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traffic violations, and alcohol-related problems than those in the standard-care condition. In a more recent study of MI for teen alcohol problems, Spirito and colleagues conducted a brief MI intervention to reduce alcohol-related consequences and use among younger adolescents treated in an urban hospital ED following an alcohol-related event.17 One hundred and fifty-two adolescent patients (ages 13 to 17) with a positive blood alcohol level were recruited in the ED and randomly assigned to receive either MI or standard care. The MI intervention consisted of 35- to 45-minute sessions that were focused on developing a discrepancy between the teen’s current drinking behavior and current and longterm goals and to support the teen’s sense of selfefficacy about making positive changes. Both conditions resulted in reduced quantity of drinking during the 12 months of follow-up, while alcohol-related negative consequences were relatively low and stayed low at follow-up in both groups. However, adolescents who screened positive for problematic alcohol use at the baseline assessment in the ED reported significantly more improvement on two of three alcohol use outcomes (average number of drinking days per month and frequency of high-volume drinking) if they received MI compared with standard care. Other substance use among youth in health-care settings has also been the target of motivational interventions. The Cannabis Youth Treatment Study compared five interventions [Motivational Enhancement Therapy (MET), Cognitive Behavioral Therapy (CBT), Family Support Network, Adolescent Community Reinforcement Approach, and Multidimensional Family Therapy] on the effectiveness of treatment for cannabis abuse or dependence among adolescents.18 A total of 600 adolescents were recruited from community facilities (eg, school systems and criminal justice programs) and from health-care settings. However, in the design of the study, investigators combined two individual sessions of Motivational Enhancement Therapy with three group sessions of Cognitive Behavioral Therapy. Preliminary (6-month) outcomes suggest that the combination results in similar outcomes to the other more lengthy and intensive treatments. Adding more sessions did not result in improved outcomes. Therefore, a MET/CBT combination appears to be a cost-effective approach to treating cannabis use disorders among adolescents in health-care settings. Last, Oliansky and colleagues examined the effectiveness of brief interventions in reducing substance use among at-risk primary-care adolescent patients in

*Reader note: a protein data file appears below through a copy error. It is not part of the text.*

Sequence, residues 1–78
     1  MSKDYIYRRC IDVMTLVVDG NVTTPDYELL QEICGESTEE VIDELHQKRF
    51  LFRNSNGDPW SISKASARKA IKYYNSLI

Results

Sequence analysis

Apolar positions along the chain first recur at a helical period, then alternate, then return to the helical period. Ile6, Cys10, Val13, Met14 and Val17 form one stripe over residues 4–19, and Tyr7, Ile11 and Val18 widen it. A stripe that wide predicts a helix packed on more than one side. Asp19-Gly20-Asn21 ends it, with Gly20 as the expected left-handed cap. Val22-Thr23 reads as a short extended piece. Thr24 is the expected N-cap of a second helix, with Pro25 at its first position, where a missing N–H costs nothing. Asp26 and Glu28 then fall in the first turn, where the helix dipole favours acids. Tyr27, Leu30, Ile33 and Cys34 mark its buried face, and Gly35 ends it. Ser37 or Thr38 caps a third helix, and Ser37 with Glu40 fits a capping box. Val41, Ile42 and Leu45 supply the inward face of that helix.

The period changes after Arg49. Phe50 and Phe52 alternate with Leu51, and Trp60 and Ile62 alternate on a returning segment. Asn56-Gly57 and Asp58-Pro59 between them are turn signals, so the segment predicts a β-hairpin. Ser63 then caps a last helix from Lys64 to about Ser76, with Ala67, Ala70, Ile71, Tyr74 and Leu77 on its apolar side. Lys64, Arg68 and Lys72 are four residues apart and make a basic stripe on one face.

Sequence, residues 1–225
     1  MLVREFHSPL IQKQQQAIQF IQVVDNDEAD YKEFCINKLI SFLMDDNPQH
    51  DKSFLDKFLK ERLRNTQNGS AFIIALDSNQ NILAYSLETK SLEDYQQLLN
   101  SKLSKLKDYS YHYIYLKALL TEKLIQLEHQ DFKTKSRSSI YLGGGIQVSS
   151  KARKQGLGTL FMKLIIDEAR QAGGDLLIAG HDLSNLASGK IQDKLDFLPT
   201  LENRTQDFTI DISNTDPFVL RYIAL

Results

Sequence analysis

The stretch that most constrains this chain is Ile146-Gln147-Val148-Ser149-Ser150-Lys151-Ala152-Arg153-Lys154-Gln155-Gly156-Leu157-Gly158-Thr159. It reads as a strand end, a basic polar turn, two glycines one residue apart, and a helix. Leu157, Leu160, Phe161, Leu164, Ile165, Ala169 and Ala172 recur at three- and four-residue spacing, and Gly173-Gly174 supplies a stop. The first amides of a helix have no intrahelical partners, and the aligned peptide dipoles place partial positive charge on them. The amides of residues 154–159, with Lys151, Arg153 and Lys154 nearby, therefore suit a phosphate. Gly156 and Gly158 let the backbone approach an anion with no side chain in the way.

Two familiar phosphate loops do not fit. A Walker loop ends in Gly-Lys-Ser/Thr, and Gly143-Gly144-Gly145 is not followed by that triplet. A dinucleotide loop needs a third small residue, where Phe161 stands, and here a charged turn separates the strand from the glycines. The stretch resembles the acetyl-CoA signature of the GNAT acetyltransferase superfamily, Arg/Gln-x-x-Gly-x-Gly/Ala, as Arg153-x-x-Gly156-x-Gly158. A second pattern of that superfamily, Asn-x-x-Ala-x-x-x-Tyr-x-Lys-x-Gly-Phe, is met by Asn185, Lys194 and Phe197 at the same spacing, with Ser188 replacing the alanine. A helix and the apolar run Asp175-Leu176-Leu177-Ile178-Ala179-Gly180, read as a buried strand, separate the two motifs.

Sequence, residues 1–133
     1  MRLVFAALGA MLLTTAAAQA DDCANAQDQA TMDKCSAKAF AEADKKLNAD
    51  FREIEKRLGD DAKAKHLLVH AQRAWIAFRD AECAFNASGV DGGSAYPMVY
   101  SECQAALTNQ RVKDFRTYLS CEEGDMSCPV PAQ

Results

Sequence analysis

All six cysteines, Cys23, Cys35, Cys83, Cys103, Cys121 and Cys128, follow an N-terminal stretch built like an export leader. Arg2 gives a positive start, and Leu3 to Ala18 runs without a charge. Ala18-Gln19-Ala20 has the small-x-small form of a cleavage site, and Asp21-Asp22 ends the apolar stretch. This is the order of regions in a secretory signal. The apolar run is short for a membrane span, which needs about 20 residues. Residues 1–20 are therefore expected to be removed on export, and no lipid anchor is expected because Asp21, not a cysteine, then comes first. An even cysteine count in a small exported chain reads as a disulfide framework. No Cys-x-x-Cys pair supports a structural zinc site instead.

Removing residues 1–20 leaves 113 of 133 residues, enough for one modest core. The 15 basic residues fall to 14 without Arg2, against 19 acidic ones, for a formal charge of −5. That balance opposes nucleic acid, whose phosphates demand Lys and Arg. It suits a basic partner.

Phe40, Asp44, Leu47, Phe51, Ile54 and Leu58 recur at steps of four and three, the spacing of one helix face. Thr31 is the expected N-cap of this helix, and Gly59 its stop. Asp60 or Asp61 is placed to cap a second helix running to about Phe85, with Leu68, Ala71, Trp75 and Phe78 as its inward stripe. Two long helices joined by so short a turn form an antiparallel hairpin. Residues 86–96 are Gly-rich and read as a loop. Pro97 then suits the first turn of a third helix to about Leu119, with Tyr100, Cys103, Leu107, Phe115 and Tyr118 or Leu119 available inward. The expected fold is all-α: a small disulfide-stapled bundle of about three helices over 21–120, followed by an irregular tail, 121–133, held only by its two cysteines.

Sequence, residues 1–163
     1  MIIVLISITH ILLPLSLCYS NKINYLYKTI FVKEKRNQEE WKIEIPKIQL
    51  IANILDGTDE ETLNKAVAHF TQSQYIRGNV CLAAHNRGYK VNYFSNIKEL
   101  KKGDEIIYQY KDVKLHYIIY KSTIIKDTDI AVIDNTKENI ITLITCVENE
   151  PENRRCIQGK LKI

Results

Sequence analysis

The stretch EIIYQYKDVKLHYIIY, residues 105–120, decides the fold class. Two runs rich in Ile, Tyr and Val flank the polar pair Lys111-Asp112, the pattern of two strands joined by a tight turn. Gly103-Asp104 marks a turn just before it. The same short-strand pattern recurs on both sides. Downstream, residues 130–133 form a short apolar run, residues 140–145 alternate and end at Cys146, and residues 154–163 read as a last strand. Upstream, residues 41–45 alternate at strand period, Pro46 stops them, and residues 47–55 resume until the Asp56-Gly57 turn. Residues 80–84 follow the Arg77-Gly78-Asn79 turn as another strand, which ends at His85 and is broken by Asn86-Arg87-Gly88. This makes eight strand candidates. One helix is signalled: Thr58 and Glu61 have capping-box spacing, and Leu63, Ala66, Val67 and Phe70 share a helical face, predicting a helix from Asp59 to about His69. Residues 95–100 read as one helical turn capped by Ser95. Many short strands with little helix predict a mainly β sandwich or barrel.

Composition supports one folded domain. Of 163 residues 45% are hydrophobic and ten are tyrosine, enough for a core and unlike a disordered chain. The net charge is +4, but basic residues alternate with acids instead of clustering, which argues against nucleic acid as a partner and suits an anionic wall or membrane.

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a community-based pediatric clinic.19 Thirty-three adolescent participants in the study were randomly assigned to either the intervention or a treatment-asusual control group. The intervention included brief education provided by a registered nurse and consisted of pamphlets, MI, and a contract of personal goals. Participants were reassessed at 1- and 3-month followups to determine the extent of their alcohol and other drug use. When compared with the control group, participants in the intervention group displayed significantly greater reductions in substance use at the follow-up time points. MI for Adolescent Substance Use in Non-HealthCare Settings. There are several studies examining the efficacy of MI interventions with adolescents for substance use that have been conducted outside of health-care settings. Two of these studies were conducted with clinical adolescent populations: Aubrey studied outpatient substance abusers20 and Brown studied psychiatric inpatients.21 In Aubrey’s study, 77 youths (aged 14 to 20 years) attending an adolescent substance use treatment program were randomly assigned to either receive or not receive personalized assessment feedback in an empathic, nonjudgmental manner.20 At the 3-month follow-up, those participants who had received the intervention were more likely to show decreases in substance involvement in addition to greater treatment retention compared with the control group. In the Brown and colleagues study of an MI intervention for smoking adolescents in an inpatient psychiatric facility, 191 adolescent smokers were randomly assigned to receive either two 45minute individual MI sessions or 5 to 10 minutes of informational brief advice.21 While smoking outcomes did not differ between the MI and brief advice conditions across the 12 months of follow-up, MI was more effective at increasing self-efficacy regarding ability to quit smoking. The remaining studies of MI for substance use behaviors among adolescents outside health-care settings consist of a study conducted in junior high schools,22 in the British school system,23 and in an internet virtual world chat room.24 Werch and colleagues examined the efficacy of a brief alcohol misuse preventive intervention for 178 junior high school students attending sports physical examinations.22 At 6-month follow-up, fewer students intended to drink alcohol or had used alcohol in the intervention group compared with controls. McCambridge and Strang examined the efficacy of a single-